Two days ago- I went to meet with a very renowned perfumer who lives nearby and had a chance to share with him the perfumes I am working on.  It is so personal to do this- perfume creation is subjective, especially if one is doing it from an artistic place and with the purpose of creating something new- not a copy of something that exists already.  So I may like it  alot, but will another person?  And what about a master perfumer?  I felt very vulnerable as I waited for his response.  But in general, it was good!  One was ‘addictive’, (my Black Licorice that is my baby that I created while in perfumery school here in Grasse).  Another was very well balanced and pleasing, (a floral) and third, needs some work to find the form within the structure.  Too complicated and cloudy.  The third one I agreed about fully- it is called Boy, and is a chypre type, very woody, vanillic… masculine although many women I know love and wear it. And it was very interesting to learn from this man, that vanilla can have a ‘suffocating’ effect on a formula.  I have quite a lot of vanilla oleoresin in this perfume and it will be very interesting to see what happens if it is reduced.  I also use a natural vanillin and tend to be a bit heavy on it, since I love it- but I didn’t realize that it could have the effect of reducing the volatility of the perfume. Jean Claude Ellena says that we should never chose certain raw materials just because we like them, but rather by whether they are appropriate for the desired final effect. We must be impartial to our personal preferences.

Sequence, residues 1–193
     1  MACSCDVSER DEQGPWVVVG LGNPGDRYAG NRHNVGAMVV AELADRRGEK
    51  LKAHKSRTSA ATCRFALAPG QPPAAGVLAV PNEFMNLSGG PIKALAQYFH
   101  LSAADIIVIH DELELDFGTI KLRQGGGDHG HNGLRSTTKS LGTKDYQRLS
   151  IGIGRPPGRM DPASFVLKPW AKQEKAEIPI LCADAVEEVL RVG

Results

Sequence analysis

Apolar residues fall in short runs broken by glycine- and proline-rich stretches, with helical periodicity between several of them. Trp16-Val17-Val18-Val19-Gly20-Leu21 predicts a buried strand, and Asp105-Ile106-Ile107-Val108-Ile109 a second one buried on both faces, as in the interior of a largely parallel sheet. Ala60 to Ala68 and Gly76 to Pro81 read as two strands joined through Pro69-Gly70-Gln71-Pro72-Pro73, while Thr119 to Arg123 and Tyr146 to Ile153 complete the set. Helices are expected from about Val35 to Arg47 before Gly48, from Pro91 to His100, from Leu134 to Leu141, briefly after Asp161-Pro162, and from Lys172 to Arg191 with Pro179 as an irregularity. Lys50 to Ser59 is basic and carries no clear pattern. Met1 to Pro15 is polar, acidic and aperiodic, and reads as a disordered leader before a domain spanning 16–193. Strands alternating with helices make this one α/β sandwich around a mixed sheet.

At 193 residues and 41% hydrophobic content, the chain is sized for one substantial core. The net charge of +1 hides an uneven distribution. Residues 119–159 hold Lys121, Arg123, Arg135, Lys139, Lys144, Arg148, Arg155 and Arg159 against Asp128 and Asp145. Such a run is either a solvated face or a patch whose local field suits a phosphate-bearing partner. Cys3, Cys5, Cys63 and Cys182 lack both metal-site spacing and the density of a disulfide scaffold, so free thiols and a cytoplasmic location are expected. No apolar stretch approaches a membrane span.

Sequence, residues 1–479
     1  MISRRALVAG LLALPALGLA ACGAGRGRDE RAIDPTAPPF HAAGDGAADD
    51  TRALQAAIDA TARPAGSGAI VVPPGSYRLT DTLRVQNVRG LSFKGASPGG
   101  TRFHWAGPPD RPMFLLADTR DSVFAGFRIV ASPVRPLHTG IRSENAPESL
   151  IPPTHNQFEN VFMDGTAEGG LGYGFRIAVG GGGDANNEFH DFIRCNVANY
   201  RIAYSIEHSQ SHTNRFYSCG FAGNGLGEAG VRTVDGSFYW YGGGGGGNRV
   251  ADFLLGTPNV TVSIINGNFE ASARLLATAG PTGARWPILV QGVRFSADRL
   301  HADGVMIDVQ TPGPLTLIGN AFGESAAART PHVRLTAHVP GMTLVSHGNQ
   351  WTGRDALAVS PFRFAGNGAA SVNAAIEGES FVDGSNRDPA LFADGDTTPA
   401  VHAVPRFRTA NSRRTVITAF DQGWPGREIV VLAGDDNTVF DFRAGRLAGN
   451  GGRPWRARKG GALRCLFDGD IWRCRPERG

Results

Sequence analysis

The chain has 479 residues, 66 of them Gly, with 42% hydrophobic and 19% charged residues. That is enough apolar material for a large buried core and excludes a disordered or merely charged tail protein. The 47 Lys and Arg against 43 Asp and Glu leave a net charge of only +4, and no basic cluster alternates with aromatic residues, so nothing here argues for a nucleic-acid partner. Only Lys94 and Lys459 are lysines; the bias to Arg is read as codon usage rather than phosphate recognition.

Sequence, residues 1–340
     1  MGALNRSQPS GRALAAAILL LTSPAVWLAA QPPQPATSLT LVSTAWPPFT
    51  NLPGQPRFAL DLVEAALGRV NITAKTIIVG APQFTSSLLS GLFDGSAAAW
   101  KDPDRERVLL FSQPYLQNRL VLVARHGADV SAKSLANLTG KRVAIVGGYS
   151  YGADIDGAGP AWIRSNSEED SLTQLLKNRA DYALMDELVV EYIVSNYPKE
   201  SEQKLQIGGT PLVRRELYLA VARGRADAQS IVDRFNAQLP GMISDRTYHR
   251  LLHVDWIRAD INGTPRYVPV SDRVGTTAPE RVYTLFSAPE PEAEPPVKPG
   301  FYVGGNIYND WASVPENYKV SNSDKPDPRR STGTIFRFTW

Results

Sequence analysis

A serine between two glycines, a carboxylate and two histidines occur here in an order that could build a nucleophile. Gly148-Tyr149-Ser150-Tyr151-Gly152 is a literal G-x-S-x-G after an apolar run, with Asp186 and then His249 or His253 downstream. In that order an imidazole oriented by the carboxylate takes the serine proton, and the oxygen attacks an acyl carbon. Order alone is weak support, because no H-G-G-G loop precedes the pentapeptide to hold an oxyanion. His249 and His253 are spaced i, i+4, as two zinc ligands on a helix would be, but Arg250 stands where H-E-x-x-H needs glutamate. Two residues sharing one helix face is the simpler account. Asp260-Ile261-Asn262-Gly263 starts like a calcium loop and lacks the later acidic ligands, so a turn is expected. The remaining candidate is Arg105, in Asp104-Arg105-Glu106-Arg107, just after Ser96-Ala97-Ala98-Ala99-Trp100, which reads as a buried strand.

So there you go… other than all of the above, I have been doing market studies of the natural perfume world, preparing power point presentations and sitting at my balance weighing out trials for the other perfumes I am working on.  There are a total of seven on the drawing board now.. with two being almost ready to introduce.  If you are interested in samples…please let me know.

Ok, back to work…. xo